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Space Frontiers Lecture Series
 

March 22, 2012

Exit Strategy: Profit, Cosmology, and the Future of Humans in Space

Runway dedication ceremony, 2010 • Spaceport America, NM

Runway dedication ceremony, 2010 • Spaceport America, NM

David Valentine, Ph.D.
Associate Professor
University of Minnesota
Department of Anthropology

LECTURE
7:00 pm
Herzstein Hall Amphitheater

There will be a reception before the lecture at 6:30 pm in 104 Herzstein Hall, the lounge adjacent to the Amphitheater.

ABSTRACT
In the last decade, commercial space—or NewSpace—enterprises have increasingly found their way into the news. But NewSpace advocates have been working toward commercial space flight for more than 30 years, bound together by two convictions: first, that humanity’s future is destined to be off Earth, a move which will radically transform us biologically and culturally; and second that a free market capitalist approach to space exploration and settlement is the best guarantor of this future. Critical social scientists, on the other hand, have argued that a human future in space is a mere fantasy, and that the move by private enterprises into space will merely reproduce, rather than revolutionize, the forms of social and cultural life that emerged under capitalism.

In his lecture, Dr. Valentine will seek to open up both sets of assumptions. He will show that the short-term profit horizons of finance capitalism are actually incompatible with the long-term visions and goals of NewSpace entrepreneurs. But he will also argue against the critical assessment that NewSpace visions should be dismissed as mere fantasies. Drawing on anthropological theories that see narratives as material and consequential, Dr. Valentine will show that we should take seriously the idea that human settlement of space is not only a possibility, but that from it may develop radically different forms of economic, social, and political life than those that have emerged, so far, on Earth.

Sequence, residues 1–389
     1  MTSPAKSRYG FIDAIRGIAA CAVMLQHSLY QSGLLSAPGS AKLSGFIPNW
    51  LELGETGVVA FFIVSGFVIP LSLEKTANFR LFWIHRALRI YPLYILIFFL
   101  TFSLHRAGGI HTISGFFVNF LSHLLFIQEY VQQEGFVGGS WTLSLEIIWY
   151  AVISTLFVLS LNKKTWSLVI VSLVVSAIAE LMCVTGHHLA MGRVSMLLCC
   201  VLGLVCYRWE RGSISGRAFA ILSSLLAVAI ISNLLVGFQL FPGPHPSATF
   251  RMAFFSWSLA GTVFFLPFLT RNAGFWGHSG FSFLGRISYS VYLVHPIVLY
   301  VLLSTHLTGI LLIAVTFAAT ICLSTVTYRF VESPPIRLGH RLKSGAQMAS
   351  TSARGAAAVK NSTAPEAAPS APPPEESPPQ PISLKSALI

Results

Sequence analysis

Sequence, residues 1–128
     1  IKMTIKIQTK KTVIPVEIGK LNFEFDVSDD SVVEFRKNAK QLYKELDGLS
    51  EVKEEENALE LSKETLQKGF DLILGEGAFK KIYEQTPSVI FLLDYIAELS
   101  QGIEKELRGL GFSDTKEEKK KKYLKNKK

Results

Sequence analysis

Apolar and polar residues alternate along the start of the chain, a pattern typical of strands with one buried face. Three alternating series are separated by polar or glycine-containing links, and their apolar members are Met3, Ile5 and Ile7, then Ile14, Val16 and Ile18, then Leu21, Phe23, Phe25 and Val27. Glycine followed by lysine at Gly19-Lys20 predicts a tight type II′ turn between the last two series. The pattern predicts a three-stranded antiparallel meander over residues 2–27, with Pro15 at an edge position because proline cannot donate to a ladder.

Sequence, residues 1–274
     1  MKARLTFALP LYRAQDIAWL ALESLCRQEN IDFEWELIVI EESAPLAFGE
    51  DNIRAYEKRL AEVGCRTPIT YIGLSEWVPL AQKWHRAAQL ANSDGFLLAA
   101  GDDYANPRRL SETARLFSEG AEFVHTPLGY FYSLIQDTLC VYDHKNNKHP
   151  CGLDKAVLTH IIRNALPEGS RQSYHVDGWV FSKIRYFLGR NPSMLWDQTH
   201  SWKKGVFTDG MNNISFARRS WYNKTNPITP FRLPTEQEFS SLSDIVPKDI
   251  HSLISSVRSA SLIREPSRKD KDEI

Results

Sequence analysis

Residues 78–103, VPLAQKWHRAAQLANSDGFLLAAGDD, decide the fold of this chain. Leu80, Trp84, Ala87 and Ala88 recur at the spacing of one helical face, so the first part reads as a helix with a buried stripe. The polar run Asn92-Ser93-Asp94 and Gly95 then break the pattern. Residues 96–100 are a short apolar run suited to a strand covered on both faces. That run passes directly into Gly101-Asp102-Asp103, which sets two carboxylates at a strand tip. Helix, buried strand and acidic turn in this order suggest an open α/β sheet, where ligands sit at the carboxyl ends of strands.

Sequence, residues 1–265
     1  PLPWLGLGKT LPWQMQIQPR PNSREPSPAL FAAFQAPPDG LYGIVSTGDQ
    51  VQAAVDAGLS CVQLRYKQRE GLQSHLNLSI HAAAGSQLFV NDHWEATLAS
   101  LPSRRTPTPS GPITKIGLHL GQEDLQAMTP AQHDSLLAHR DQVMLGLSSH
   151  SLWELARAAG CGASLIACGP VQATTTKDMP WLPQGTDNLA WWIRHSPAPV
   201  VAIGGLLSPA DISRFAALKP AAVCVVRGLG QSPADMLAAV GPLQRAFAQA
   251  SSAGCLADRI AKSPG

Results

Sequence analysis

BIOGRAPHY
David Valentine is an Associate Professor of Anthropology at the University of Minnesota where has been a faculty member since 2004. He received his PhD in linguistic and cultural anthropology from New York University in 2000. His dissertation work was on the politics, histories, and meanings of the category transgender. His book, Imagining Transgender: An Ethnography of a Category (Duke University Press 2007), was awarded the Ruth Benedict Book Prize (SOLGA/American Anthropological Association) and was a finalist for the 2007 Lambda Literary Awards. His current research is a five-year, longitudinal study of imaginings and narratives of the future among commercial outer space entrepreneurs, funded by the National Science Foundation.